In the previous post, we learned that politics is the process of deciding who gets what, when, and how. Today we’re going to have a look at power – political power.
When there are conflicts of interest, people use power to get what they want. Political scientist Steven Lukes has identified three dimensions (or parts or facets) of power. In this lesson we will analyze his three dimensions of power and think about how power functions in politics.
The first dimension of power is coercion or coercive power. Coercive power is the most direct form of power. This kind of power uses threat of force. Coercive power may or may not be constitutional and lawful, but coercive power is able to force people to obey. The military or police is an obvious example of coercive power.
For example, we can imagine that Mr. Suzuki is a senior member of the prefectural assembly. He wants to budget 500 million yen to build a trash incinerator in a small town because his friend, Mr. Ono, is the president of a company that makes trash incinerators. (An incinerator, by the way, is a machine that burns garbage. Some of them are not very environmentally friendly.) Ms. Kobayashi is a junior member of the assembly and lives in the small town. She opposes the trash incinerator because it will cause pollution. Mr. Suzuki tells her that if she does not vote for the budget, he will not support her in the next election. If Ms. Kobayashi votes for the trash incinerator because of Mr. Suzuki’s threat, then Mr. Suzuki has coercive power.
Another dimension of power is called manipulation or manipulative power. This is the most effective form of political power. In fact, political manipulation is so effective because the public doesn’t notice it; people do not realize that they are being manipulated. Propaganda is one of the most effective forms of manipulative power.
For example, King of Country A says to his poor citizens, “Our economy is bad because Country B is attacking us!” The citizens believe that Country B is causing the bad economy. The King says this because he does not want the citizens to know that the real problem is his management, not Country B.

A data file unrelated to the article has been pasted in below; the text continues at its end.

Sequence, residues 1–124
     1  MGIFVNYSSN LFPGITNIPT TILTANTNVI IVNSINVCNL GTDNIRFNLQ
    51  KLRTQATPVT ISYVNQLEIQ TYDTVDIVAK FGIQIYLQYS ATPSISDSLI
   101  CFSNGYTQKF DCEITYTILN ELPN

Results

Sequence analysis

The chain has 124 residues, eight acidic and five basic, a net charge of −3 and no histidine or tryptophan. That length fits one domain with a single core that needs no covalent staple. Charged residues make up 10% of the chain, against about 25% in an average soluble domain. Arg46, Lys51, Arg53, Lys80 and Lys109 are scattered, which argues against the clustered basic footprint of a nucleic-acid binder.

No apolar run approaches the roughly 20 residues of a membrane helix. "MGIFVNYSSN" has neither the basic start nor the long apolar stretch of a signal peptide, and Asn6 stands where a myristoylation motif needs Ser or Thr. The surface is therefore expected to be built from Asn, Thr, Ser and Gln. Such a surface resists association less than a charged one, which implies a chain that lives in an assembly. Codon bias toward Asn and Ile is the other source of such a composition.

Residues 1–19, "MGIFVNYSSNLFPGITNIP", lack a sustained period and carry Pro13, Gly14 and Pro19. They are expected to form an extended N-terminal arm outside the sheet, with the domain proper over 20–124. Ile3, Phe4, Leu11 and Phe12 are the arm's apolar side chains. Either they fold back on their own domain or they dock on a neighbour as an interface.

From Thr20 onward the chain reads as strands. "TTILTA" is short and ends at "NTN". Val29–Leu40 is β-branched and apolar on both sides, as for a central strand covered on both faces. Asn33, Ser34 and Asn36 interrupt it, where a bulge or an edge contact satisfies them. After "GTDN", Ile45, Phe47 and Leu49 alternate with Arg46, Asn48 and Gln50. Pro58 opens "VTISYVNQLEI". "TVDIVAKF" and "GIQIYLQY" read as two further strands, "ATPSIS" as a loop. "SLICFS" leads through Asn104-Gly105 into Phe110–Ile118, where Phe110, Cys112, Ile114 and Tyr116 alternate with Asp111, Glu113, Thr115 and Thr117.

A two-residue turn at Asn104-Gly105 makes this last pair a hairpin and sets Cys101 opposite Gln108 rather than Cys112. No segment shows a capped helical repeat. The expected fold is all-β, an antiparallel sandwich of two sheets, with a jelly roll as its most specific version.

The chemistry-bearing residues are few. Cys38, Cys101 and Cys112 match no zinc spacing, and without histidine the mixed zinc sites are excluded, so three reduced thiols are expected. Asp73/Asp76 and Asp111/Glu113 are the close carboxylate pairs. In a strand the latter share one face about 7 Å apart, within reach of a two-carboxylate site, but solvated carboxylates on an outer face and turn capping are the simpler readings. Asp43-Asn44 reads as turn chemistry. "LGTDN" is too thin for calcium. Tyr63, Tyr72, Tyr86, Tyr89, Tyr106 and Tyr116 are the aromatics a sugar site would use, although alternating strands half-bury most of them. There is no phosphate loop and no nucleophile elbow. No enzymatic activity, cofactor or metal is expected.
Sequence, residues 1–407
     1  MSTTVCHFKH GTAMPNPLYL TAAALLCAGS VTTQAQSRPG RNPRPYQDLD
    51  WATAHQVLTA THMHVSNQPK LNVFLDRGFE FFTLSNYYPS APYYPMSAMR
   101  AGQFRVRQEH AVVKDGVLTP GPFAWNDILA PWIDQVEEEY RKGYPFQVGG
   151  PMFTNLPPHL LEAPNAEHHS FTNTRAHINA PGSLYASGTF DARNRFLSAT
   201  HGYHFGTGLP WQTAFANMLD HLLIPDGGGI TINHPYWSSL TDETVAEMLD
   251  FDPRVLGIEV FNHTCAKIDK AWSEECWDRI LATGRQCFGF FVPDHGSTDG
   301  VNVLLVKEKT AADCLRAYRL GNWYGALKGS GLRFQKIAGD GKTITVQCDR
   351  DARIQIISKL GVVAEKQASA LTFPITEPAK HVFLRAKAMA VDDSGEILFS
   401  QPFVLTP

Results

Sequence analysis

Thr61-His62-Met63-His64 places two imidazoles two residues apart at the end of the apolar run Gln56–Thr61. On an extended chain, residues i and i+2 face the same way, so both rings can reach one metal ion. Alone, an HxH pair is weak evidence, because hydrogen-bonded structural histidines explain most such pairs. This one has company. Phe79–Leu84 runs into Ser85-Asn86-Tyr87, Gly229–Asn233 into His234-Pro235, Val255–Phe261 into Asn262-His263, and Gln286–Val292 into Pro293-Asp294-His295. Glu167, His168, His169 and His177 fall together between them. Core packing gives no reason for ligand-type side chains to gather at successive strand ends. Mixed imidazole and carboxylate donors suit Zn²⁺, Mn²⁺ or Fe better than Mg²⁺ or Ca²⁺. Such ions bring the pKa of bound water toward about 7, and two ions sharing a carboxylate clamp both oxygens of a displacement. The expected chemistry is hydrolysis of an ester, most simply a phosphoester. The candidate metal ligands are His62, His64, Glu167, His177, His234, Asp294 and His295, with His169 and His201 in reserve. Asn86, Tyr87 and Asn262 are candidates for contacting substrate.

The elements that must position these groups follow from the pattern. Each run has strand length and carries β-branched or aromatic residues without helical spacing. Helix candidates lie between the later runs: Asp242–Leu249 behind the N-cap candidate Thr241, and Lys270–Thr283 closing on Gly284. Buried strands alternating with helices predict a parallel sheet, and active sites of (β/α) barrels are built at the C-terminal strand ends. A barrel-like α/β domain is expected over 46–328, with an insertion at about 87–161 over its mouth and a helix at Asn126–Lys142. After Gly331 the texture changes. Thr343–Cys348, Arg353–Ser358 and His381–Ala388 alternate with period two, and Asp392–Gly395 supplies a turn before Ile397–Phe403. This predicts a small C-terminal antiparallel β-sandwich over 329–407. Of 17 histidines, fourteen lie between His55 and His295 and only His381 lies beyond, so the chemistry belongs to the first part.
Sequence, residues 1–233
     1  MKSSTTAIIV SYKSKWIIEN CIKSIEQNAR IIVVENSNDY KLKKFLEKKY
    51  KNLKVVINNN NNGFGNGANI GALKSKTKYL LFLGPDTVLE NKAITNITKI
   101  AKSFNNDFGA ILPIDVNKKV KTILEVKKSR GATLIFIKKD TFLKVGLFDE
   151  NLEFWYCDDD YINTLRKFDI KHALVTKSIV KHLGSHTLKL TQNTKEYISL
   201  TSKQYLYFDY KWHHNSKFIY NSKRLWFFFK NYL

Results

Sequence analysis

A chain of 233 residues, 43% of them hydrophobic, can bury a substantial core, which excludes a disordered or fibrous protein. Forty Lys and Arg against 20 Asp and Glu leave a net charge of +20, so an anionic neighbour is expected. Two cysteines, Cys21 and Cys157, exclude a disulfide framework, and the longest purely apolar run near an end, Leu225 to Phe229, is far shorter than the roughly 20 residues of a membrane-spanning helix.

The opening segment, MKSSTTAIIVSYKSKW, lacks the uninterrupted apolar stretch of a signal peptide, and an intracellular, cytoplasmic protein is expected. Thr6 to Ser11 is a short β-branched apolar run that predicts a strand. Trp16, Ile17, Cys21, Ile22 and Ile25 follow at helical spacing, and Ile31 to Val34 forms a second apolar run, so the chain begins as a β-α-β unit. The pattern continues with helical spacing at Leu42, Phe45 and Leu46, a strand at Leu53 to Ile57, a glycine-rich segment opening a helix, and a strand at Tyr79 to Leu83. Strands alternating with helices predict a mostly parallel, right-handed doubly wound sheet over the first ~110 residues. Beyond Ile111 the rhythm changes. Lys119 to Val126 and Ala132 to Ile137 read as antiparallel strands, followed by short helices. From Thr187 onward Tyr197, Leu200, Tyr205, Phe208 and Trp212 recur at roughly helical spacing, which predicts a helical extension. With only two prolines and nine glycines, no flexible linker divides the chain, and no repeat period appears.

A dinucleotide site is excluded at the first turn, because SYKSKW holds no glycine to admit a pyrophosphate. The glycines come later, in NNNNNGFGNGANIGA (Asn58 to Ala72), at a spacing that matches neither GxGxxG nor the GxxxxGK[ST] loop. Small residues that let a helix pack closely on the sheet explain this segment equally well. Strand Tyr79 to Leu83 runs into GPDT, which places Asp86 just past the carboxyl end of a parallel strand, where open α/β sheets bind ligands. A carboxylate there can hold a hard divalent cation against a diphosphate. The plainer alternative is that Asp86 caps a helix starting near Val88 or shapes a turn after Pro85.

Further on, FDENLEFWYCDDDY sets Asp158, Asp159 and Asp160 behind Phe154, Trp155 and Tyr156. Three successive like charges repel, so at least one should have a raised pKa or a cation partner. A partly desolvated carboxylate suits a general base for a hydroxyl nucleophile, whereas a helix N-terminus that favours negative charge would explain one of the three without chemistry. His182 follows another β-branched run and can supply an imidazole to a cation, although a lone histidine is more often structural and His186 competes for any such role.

Political influence or persuasion is a more complex form of political power. Political scientist Richard Perloff defines political persuasion as a process of trying to convince other people to change their attitudes or behavior on political issues. In democracies, the media, the wealthy, interest groups, and the opinions of the electorate all have political influence. Religious groups and important families may also have a key influence on government decisions.
For example, large student demonstrations for gun control sometimes influence presidential campaigns in the U.S. Statements from religious group leaders such as the Pope often have strong political messages to stop human rights violations in the world.
Because people have different interests, there are conflicts in society. When those conflicts are about who gets what, when, and how, they are political. There are three dimensions of power we learned in this video. The first dimension is coercive power. It is getting people to think or do things that they do not want to do by threatening them. The second dimension is manipulation. It means getting people to do what you want without them necessarily knowing. The third dimension of power is persuasion. This means convincing people to think or do what you want.
So, which type of power do you think is the best?
Lukes, S. (2021). Power: A Radical View (3rd ed.). London: Palgrave Macmillan.
Perloff, R. (2003). The Dynamics of Persuasion: Communication and Attitudes in the 21st Century (2nd ed.), Mahwah, NJ: Lawrence Erlbaum Associates.